Thursday, June 21, 2012

Mind Organization for Moms - A New Method for Your Task List

I have always been a big list maker.  In my previous work I was a project manager, and one of my favorite parts of the job was tracking things by making calendars, action item lists, and other tools to help keep the team, tasks, and deliverables organized.  Yes, I was one of those dorks who lived by my Franklin Covey planner for a long time.  Nothing was more exciting than breaking out that new pack of task lists and calendars at the beginning of the year!

In my personal life, I am usually pretty good at keeping an updated to-do list and checking things off.  When I decided to be a stay-at-home mom, I was kind of excited about being the project manager of the house with some serious lists and organizing.  But I haven't really been happy with any system that I've come up with.  I have tried keeping electronic lists and calendars in a variety of programs including Evernote, my Yahoo email account, my Gmail email account, and other random programs on the iPad.  I've tried keeping paper lists on the fridge or in the drawer with the bills.  Nothing seemed to encompass my whole mental list, and I never seemed to have the list where I wanted it when I needed it.  I also was often overwhelmed by the length of the list, and only a few things seemed to get checked off.  I was left feeling like I wasn't getting anything done and forgetting important things.  This was so not me!

So a while back, had a post (that I can't seem to find now, but here is the info on the M.O.M. site) about the Mind Organization for Moms program (M.O.M. for short).  From the site, the author April Perry describes the program as "...a mom-specific adaptation of David Allen’s best-seller Getting Things Done®.  It’s designed to help you handle all the papers, emails, tasks, and projects you have on your plate."  This tag line alone was enough to get me interested in reading it.  I was thinking that I would at least read the shorter overview paper, maybe get a few tips, and just get back into being a little more productive and organized.

After reading the overview of the program, I was intrigued enough to read the long version, an 86 page PDF.  I found that there are some things that I really love about this system:
  • It pulls together all of spots where things end up that you need to attend to.  You have your snail mail pile.  You have invitations and other things on the refrigerator.  You have receipts in your wallet.  You have messages in your email inbox (somewhere, because there are so many messages, that the only ones you see are the 20 on the first page) .  You have invitations and messages on Facebook.  I didn't even realize how much stuff collects in so many places, taking mental energy to remember.  This system brings it all together.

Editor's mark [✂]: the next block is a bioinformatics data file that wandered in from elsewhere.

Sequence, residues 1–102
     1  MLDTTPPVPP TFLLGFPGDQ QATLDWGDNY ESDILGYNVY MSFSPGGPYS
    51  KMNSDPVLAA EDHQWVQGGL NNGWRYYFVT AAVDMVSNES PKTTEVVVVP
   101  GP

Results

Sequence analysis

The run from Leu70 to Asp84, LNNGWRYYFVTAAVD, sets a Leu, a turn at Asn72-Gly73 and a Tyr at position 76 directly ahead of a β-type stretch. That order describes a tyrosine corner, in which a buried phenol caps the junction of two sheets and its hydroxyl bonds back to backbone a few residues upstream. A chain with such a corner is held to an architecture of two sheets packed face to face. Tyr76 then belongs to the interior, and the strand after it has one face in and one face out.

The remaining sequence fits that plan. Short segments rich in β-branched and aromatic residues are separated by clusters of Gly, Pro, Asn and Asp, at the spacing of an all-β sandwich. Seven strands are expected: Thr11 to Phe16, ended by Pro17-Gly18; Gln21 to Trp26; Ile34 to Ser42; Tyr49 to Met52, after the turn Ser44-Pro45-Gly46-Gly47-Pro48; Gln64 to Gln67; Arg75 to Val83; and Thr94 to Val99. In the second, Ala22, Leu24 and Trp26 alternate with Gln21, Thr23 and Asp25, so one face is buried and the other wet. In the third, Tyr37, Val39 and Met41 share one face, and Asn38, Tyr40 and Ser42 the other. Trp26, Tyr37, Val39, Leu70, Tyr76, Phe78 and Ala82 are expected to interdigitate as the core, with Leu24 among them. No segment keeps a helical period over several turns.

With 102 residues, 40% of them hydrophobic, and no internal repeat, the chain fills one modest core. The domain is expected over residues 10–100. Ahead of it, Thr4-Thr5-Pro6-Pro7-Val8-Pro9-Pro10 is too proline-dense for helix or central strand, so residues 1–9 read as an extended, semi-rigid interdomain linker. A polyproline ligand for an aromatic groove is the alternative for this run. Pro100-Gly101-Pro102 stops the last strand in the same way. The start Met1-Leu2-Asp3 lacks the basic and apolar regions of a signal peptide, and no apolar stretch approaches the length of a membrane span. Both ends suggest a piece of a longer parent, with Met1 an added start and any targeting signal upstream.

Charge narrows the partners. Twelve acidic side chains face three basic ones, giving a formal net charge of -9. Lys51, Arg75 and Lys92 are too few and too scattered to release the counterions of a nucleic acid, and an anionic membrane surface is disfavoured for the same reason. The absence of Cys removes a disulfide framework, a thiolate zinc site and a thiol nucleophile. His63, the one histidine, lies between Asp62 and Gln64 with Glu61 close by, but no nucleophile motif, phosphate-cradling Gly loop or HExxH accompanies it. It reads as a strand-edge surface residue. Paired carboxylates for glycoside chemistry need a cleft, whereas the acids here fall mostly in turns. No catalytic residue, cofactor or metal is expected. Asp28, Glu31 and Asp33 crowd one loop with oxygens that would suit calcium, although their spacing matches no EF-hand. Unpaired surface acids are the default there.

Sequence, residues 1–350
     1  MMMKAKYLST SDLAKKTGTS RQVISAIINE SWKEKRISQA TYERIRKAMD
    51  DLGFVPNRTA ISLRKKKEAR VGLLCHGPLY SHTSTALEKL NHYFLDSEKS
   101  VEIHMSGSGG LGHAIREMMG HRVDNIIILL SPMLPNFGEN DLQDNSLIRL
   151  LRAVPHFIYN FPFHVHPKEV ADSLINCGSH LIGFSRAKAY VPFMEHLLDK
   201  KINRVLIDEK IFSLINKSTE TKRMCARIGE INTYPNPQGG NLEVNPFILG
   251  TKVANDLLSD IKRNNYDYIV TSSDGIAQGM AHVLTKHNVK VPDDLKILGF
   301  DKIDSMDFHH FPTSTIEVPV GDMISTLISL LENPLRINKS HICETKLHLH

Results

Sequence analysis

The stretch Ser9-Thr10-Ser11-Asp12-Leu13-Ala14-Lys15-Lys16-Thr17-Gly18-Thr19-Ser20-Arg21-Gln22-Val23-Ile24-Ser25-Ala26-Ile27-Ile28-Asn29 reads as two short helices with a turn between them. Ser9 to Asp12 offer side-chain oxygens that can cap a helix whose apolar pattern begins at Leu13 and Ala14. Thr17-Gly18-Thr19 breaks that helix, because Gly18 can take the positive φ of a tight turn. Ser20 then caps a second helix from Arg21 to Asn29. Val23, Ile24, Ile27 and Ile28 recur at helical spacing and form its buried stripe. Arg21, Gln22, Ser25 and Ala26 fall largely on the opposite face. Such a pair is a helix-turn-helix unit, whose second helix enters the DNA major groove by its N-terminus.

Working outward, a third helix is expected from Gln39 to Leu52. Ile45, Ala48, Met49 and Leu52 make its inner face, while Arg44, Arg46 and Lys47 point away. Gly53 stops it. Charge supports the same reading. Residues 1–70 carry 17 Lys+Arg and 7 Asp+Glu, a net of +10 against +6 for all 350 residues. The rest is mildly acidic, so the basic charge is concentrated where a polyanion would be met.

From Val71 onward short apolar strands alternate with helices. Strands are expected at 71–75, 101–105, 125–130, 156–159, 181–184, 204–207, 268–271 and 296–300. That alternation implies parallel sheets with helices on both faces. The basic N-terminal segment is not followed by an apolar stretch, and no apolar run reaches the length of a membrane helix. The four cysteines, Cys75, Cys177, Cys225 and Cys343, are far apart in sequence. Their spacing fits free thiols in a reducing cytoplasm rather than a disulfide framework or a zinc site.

• In the end, you have a list of things you have to do now, and a bunch of other lists of things you want to do later.  And you don't have to worry about the things you are going to do later, because they are on the list.  You'll look at them later.
  • You also have your lists categorized.  So if you are out doing errands, let's say, and you have time for an extra one, you can look at your errand list and make another quick stop.  Boo-yah.  
Things I don't like about the system, or things that haven't seemed to really apply to me yet:
  • She suggests using a cubby system for additional paperwork and project materials.  I'm not a huge paper person, and I don't really have an office space to house a lot of stuff like that, so right now I'm not doing that piece.
  • I haven't used the idea of a goal review, which is something I probably should do, but haven't taken the time.
The main reason this whole system works well is the weekly review, which anyone who tries to keep on top of their to-do lists understands.  You have to review your tasks and "inboxes" every week, or things slip through the cracks.  

The format of my "Immediate Next Actions" list, and where I keep all of the other lists.
Yes, it is a planner.  I know, old habits die hard. But it's working. Also my current calendar
option of choice, my Google calendar printed out and updated by hand in between
electronic updates.

Going through this process has resulted in a nice little system in which to work, as well as help motivate me to keep it up.  I definitely feel:
  1. Like I've been more productive,
  2. That I'm working on the things that are most important at any given moment, and
  3. When I have a free moment, I am making the most of my time.  If I choose to.  Sometimes I choose to nap.  But if I do, I know exactly what I should be doing instead.  :-)
Does anyone have any fun tips on staying organized (or staying motivated to be productive) with your personal task list?

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